Looking at the Task Type COMPLETE

Task sub-type: FILL

In the last section, the three most typical interactions used for the task sub-type FILL were named as Text Entry, Inline Choice and Gap Match.

The Text Entry interaction is probably the interaction which is most frequently used for the well-known “gap-fill” exercise. In a Text Entry interaction, candidates are presented with a text which contains gaps, which they are asked to fill. They are not given any information about what should go in these gaps. The example given below is a short text, with gaps, about Holland.

A Text Entry interaction used for a FILL task


The Inline Choice interaction is based on the same idea as the Text Entry interaction - a gap-fill exercise - but this time each gap has a drop-down menu, and candidates have to choose the word or phrase from this menu which they think best fits the place in the text. The example given below is repeated from Part 1 of the course. In this question, candidates are asked to fill in the names of the members of English pop group 'The Beatles'.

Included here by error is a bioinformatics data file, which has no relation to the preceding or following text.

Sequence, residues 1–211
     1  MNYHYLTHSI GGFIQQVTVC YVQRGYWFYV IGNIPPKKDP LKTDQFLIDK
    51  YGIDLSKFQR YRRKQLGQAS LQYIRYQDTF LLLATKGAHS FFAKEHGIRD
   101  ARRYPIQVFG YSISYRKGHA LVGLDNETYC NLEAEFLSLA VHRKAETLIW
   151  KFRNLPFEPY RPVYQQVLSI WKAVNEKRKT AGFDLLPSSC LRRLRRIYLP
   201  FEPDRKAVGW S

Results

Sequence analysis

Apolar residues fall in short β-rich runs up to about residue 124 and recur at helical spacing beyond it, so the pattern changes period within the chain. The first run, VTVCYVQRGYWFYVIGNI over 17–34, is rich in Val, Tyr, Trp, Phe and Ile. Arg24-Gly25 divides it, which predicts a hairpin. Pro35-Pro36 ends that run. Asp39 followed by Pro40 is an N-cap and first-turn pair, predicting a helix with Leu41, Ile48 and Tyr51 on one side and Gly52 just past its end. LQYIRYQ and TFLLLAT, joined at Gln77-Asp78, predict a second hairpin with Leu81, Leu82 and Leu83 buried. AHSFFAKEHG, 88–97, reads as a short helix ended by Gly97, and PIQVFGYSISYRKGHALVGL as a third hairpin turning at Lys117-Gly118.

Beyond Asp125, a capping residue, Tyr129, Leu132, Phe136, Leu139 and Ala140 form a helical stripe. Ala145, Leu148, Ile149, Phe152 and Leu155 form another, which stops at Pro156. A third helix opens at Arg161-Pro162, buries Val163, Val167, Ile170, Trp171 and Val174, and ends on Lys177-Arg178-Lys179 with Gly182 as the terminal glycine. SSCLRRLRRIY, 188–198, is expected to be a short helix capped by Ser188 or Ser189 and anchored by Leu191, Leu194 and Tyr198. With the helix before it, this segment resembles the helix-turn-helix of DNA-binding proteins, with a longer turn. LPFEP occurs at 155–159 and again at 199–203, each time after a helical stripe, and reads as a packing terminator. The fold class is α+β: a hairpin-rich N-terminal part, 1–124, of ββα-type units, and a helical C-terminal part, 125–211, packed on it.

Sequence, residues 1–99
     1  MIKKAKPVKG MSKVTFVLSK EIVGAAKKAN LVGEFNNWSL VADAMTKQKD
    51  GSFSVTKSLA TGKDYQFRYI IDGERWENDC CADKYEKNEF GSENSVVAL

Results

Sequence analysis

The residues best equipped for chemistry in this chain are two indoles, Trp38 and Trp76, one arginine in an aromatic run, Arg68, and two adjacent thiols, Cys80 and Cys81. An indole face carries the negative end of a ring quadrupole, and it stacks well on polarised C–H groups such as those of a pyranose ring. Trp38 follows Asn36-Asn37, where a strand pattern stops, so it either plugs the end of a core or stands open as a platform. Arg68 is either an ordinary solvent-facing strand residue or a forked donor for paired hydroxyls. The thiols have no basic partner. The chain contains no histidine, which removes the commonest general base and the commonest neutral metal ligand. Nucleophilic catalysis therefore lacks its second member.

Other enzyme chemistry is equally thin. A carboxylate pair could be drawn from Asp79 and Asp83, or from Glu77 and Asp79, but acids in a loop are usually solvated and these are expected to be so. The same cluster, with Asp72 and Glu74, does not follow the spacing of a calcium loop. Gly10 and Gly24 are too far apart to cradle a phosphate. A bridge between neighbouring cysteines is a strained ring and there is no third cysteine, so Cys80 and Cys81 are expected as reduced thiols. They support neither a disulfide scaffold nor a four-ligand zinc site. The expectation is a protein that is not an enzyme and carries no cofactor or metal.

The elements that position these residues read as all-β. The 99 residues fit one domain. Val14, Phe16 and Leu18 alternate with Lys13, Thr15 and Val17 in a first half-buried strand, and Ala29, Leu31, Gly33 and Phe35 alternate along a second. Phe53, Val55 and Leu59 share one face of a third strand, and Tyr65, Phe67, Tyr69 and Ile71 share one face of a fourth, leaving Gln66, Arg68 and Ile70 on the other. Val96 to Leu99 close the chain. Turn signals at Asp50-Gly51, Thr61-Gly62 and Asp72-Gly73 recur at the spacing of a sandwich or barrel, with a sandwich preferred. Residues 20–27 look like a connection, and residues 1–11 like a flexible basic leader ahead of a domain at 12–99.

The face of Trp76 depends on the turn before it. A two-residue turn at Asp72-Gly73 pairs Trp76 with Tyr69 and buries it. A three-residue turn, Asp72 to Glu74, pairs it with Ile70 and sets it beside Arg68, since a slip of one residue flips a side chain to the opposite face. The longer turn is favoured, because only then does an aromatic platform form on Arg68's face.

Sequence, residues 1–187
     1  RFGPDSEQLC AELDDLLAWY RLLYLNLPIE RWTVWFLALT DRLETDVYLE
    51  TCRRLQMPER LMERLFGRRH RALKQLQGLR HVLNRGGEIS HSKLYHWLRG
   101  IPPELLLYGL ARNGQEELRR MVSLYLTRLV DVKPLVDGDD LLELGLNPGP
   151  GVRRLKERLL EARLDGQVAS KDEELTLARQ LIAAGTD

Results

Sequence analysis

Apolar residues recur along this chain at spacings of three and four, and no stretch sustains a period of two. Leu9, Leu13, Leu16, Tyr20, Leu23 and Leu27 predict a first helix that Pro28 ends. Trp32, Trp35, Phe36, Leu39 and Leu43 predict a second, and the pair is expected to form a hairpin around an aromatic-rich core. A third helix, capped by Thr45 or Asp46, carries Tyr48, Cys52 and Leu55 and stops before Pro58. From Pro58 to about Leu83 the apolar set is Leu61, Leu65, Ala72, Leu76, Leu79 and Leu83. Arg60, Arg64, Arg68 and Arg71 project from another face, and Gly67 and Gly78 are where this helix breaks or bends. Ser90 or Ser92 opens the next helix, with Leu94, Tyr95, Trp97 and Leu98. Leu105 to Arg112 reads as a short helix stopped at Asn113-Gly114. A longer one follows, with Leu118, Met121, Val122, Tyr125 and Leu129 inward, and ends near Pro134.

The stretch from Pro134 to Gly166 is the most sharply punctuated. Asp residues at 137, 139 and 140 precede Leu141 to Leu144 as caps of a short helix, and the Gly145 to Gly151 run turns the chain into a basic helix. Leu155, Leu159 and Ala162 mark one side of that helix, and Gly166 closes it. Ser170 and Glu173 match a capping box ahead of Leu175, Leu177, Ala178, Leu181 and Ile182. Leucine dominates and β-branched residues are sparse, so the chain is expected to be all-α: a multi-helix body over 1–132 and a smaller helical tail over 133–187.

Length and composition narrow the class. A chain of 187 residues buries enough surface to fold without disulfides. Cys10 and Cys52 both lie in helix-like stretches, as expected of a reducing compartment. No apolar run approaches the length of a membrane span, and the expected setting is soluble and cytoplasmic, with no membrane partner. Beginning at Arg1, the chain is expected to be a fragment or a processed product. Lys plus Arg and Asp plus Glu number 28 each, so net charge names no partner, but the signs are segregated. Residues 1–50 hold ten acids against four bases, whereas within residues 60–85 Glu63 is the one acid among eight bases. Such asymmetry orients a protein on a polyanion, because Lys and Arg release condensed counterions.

A typical Inline Choice interaction


The Gap Match interaction is the third possible interaction which can be used for FILL. Here, candidates are also presented with a text which has gaps in it. Like the Inline Choice interaction, they are given a choice of words or phrases to insert into the gaps. This time, however, the words and phrases they can choose from are presented as a list, made up of the words/phrases taken out of the text, in random order. (The list can include some superfluous options to serve as distractors.) In the example below, candidates are asked to fill in the missing words in a poem by the French poet Baudelaire.

A typical Gap Match interaction